The Chattanooga Zoo euthanized Josie the chimpanzee on Sunday, Dec. 30. Josie came to live at the Chattanooga Zoo from the Fort Worth Zoo in 2001 as part of the Association of Zoo and Aquarium's Species Survival Plan. She is survived by two female and one male chimpanzee that were part of the same group from Fort Worth.Photo by Contributed Photo /Chattanooga Times Free Press.
• Josie the chimpanzee - December 2012
• Male cougar - August 2012
• Male red panda - February 2012
• Male red panda - February 2012
• Hank the chimpanzee - January 2011
• Tortoise - January 2011
• 2 snow leopard cubs - January 2011
• Female muntjac - January 2011
• 2 marmosets [monkeys] - January 2011
• Tortoise - December 2010
• Male muntjac [an Asian deer] - December 2010
• Gecko - November 2010
Source: Chattanooga Zoo at Warner Park
Chattanooga zoo officials said Monday that Josie, a 37-year-old female chimpanzee, had been euthanized on Dec. 30 "after weeks of rapid deterioration and weight loss."
Zoo spokeswoman Marisa Ogles said staff members about two weeks before had noticed Josie had lost weight, then noticed her stumbling.
She said zoo veterinarians examined her but found no problems. When the trouble persisted, zoo workers took her for an examination at the University of Tennessee College of Veterinary Medicine in Knoxville.
It also could find no cause for Josie's troubles, Ogles said. But Josie's condition continued to worsen until "she had lost complete mobility."
At that point, zoo officials decided the chimpanzee was not going to get better, only worse.
"It really came down to a quality-of-life issue for Josie," the zoo's executive director, Darde Long, said in a prepared statement. "It would have been selfish on our part to keep her alive in her current state with such a poor prognosis from both our veterinarian and the UT Veterinary School."
Ogles said the life span of chimpanzees in captivity "is really all over the map. Some live to be 60, others only to in their 30s."
Josie had come to live at the Chattanooga Zoo from the Fort Worth Zoo in 2001.
She became the fourth animal lost at the zoo in 2012. The results of her necropsy are pending, Ogles said.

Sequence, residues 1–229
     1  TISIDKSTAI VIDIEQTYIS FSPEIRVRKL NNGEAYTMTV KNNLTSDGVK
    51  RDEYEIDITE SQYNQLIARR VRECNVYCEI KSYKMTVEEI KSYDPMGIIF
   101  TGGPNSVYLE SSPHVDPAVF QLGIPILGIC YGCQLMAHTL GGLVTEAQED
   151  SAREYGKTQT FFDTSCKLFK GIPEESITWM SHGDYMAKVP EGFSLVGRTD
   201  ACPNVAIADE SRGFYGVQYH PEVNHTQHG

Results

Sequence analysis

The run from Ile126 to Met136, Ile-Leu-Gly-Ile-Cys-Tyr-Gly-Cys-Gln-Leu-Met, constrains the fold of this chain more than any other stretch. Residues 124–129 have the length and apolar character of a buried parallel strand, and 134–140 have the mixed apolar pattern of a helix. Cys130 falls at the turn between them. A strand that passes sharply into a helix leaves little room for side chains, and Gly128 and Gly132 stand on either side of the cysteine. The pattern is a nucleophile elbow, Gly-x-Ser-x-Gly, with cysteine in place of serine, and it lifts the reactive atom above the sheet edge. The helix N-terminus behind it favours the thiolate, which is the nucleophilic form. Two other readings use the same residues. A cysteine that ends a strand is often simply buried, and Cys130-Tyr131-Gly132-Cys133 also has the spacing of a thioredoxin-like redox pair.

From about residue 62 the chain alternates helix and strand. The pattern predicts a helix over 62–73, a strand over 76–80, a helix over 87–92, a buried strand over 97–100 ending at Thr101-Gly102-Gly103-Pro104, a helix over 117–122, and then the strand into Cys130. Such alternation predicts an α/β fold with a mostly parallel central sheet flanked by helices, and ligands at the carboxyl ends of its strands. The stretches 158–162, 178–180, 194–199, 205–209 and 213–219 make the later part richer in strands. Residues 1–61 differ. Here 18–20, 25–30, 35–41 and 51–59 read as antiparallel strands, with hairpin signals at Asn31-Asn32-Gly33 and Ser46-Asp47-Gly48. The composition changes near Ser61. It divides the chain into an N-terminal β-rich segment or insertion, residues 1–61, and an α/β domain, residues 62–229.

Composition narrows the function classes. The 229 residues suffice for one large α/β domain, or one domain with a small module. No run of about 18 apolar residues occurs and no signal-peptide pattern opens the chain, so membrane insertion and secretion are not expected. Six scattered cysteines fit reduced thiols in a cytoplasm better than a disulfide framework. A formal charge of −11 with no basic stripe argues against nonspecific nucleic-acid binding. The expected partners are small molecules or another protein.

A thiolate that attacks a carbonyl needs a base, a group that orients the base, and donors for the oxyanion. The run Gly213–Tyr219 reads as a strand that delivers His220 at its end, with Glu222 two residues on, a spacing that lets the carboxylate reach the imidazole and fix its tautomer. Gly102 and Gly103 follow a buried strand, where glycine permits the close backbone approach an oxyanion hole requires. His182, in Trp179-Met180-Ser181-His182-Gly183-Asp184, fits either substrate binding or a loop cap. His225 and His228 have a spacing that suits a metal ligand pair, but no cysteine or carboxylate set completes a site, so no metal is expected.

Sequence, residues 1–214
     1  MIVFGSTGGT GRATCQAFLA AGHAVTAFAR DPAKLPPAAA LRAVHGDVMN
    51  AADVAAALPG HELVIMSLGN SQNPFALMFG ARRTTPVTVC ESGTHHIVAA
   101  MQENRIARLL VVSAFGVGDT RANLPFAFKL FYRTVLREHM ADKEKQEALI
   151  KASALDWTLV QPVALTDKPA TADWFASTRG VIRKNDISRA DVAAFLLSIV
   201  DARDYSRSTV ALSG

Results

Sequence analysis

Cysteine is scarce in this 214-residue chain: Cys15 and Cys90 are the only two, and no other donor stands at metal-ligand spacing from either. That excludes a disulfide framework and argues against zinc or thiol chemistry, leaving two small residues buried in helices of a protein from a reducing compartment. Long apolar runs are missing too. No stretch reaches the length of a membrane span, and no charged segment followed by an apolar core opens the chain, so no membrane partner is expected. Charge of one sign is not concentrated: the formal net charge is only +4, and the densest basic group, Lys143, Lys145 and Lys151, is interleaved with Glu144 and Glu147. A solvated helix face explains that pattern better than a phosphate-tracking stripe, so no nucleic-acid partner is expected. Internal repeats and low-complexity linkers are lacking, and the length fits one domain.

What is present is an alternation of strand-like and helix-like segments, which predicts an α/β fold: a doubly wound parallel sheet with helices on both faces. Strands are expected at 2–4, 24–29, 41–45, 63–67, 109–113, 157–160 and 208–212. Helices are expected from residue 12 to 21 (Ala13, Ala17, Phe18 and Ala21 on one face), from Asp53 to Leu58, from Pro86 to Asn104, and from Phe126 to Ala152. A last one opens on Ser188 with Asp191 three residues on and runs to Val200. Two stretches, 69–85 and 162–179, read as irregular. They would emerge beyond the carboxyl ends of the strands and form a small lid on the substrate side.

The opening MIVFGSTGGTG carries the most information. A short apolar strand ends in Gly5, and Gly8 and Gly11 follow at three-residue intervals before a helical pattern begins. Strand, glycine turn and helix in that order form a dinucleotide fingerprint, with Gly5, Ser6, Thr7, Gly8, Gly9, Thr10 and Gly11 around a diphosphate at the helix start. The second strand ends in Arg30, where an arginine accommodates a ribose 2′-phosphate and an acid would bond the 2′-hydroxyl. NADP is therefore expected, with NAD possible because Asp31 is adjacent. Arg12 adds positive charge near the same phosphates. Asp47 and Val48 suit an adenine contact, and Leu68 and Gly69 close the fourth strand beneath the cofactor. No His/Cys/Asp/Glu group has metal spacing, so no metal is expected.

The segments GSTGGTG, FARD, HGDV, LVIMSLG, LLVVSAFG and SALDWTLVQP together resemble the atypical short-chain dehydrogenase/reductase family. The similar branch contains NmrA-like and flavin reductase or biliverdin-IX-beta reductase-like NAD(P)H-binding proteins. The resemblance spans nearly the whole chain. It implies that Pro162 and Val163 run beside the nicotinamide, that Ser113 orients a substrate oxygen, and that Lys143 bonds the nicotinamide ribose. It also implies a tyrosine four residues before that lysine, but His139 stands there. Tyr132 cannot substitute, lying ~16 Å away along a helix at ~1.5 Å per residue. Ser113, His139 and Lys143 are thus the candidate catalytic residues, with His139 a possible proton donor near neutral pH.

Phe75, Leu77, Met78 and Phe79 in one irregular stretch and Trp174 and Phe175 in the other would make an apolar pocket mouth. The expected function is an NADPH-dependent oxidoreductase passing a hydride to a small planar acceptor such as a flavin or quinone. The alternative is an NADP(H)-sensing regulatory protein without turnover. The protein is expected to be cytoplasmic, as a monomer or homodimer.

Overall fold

In August, Coby the cougar collapsed and died. Ogles said the cause of the 10-year-old male cougar's death was unknown. Necropsy results were "inconclusive," she said. Before he died, Coby had passed a recent physical with "flying colors and was not exhibiting symptoms of any kind of illness," zoo officials said at the time.
In January and February, the zoo lost two aging red pandas.
Zoo officials have been particularly sensitive to animal deaths after a spate of 10 deaths in three months in the late fall of 2010 and early winter of 2011.
The zoo has 388 animals, not counting about 400 toads in a special breeding program.
In the months leading up to and just following the 2010-2011 deaths, the zoo had five inspections from the U.S. Department of Agriculture -- all of which documented 21 "items of noncompliance" ranging from too little feed on hand to enclosure-size problems.
Zoo board members commissioned a $25,000 study, and officials invited further inspections and help from the USDA and the Association of Zoos and Aquariums.
In August 2011 and again in September 2012, USDA inspections noted "No non-compliant items identified during this inspection."
Sandra Harbison, spokeswoman for the UT College of Veterinary Medicine, declined to comment on the university's necropsy findings, saying that Long wanted questions referred to zoo officials.
Pam Sohn has been reporting or editing Chattanooga news for 25 years. A Walden’s Ridge native, she began her journalism career with a 10-year stint at the Anniston (Ala.) Star. She came to the Chattanooga Times Free Press in 1999 after working at the Chattanooga Times for 14 years. She has been a city editor, Sunday editor, wire editor, projects team leader and assistant lifestyle editor. As a reporter, she also has covered the police, ...